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3rd Annual Rock A Mile In Her Shoes

Hey fellas, when was the last time that you rocked a pair of stilettos? No, we’re not talking about knives here, we’re talking about shoes! In order to grasp the plight of women who have suffered from sexual violence, band members will be walking the extra mile to raise awareness for an issue that still affects one in five women. By walking the extra mile, we mean performing in women’s high heel shoes. Aside from looking out of the norm, band members will undoubtedly remember the occasion, as they attempt to nurse their feet back to health following the show.

This is a benefit show to raise money and awareness for the Crisis Services Advocate Program, which provides free and confidential response and support for survivors of sexual and domestic violence-24 hours a day, 7 days a week.

Of course wearing a woman’s uncomfortable shoe is by no means similar to the pain and anguish experienced at the hands of a sexual predator. This is mostly symbolic, although there is still plenty of pain felt, as the toes get scrunched uncomfortably together while performing a lively set on stage. Not to mention the wobbly nature of the situation, and the ankle’s brazen struggle to not buckle under the pressure.

Men are encouraged to attend the show in heels to show support and solidarity for survivors of sexual and domestic violence.

On Wednesday, April 5, come cheer on these brave souls as they take to the stage donning heals. What better venue could you ask for than Babeville?

3rd Annual Rock A Mile In Her Shoes 2017

Wednesday, April 5, 2017

7 PM – 12 AM

Pre-sale tickets $10

Pre-sale tickets can be purchased at Babeville’s box office (M-F 10am-5pm) or here

Tickets @ door $12

Babeville | 341 Delaware Avenue | Buffalo, New York 14202

See Facebook event

This year’s lineup is:

Del Paxton
https://www.facebook.com/delpaxtonbuffalo/
http://delpaxtonbuffalo.bandcamp.com/

The Slums (very nice boys. ex Malones & Arctic Death)
https://theslumsny.bandcamp.com/
https://twitter.com/theslumsny?lang=en
https://www.facebook.com/theslums716/?fref=ts

MAGS
https://www.facebook.com/magsbuffalo/
https://magsbuffalo.bandcamp.com/

MORBS (featuring members of Green Slime & Sun Black Smoke)
This will be MORBS CD release show!
https://morbs.bandcamp.com/releases

Erica Wolfling (she has the voice of an angel)
https://soundcloud.com/ericawolfling

Written by Buffalo Rising

Buffalo Rising

Sometimes the authors at Buffalo Rising work on collaborative efforts in order to cover various events and stories. These posts can not be attributed to one single author, as it is a combined effort. Often times a formation of a post gets started by one writer and passed along to one or more writers before completion. At times there are author attributions at the end of one of these posts. Other times, “Buffalo Rising” is simply offered up as the creator of the article. In either case, the writing is original to Buffalo Rising.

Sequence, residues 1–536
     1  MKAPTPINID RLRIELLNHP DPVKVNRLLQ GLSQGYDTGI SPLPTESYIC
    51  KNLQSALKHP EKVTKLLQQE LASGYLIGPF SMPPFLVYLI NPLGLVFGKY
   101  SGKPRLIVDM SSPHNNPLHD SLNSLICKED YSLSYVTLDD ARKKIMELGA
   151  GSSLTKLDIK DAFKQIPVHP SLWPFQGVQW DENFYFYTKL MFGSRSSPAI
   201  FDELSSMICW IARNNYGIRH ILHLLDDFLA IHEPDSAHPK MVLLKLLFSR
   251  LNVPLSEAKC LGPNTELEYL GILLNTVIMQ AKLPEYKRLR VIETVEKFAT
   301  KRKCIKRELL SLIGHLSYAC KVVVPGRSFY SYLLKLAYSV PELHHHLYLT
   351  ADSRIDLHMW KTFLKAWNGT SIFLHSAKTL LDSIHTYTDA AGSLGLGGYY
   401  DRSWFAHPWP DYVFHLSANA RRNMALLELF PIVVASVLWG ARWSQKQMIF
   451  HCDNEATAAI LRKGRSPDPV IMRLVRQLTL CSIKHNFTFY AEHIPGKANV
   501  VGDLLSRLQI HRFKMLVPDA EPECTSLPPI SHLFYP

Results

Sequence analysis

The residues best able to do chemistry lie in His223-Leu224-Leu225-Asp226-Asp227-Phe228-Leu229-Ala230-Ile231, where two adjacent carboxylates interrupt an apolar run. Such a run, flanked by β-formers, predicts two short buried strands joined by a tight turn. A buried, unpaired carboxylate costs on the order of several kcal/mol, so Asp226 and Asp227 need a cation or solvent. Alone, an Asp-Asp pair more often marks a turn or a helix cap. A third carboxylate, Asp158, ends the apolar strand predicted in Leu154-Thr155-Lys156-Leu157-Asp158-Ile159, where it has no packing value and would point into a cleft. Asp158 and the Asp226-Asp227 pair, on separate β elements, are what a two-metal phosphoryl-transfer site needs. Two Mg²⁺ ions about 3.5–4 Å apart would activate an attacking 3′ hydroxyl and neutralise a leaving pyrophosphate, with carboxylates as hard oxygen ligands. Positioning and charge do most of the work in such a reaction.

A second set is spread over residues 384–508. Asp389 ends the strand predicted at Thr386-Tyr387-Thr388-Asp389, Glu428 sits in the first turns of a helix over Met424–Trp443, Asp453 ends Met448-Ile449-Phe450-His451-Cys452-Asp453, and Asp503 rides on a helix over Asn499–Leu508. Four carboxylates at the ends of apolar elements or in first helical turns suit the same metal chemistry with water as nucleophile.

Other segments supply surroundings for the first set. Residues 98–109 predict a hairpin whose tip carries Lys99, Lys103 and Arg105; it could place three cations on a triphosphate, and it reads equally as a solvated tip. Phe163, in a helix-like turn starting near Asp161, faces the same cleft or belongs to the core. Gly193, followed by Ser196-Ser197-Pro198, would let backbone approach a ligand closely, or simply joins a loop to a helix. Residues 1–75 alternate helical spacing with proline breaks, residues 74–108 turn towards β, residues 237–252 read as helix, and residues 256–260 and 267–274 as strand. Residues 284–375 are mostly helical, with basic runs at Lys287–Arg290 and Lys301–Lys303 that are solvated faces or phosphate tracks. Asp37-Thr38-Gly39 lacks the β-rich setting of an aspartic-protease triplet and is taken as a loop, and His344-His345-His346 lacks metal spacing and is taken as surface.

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  • Snowbeltguy

    Why anyone, male or female would wear high heals is beyond me.
    Beyond that however, the “one in five” women have been the victim of sexual violence doesn’t match the department of justice numbers which claim 321,500 victims annually. That is less than one tenth of one percent of women per year. If you figure 40 years or so in the likely age range for sexual assault, that is still less than 8%.
    Eight percent of women experiencing sexual assault is a horrific number, but exaggerating the number of victims only gives ammunition to those idiots that would argue that the problem is overblown.

    • eagercolin

      Your math is off. 320K victims is .002 of American women every year. I’m also not sure why you would limit sexual assault to only a 40 year range.

      • Snowbeltguy

        I stand corrected… two tenths of one percent. There is also flaw in calculating the totals because less than half of Americans fall into the demographic where the vast majority of female sexual assaults take place. The real total is probably closer to 13 or 14% based on the population distribution of the different age groups.
        The numbers still fall far short of the 20% mentioned in this article and the 25% claimed on my campus.
        I stand my point that this problem needs to be addressed, but putting out disputed data does not help the cause. We need to better educate our young men to counteract those in the popular culture that advocate violence towards women particulary in song. We must also insure that women feel free and unembarrased to report sexual assaults immediately therebye increasing the chances of convicting the assailant.
        I don’t think walking around in high heals will do much to reduce the rate of sexual assaults, though it may make some feel better about themselves.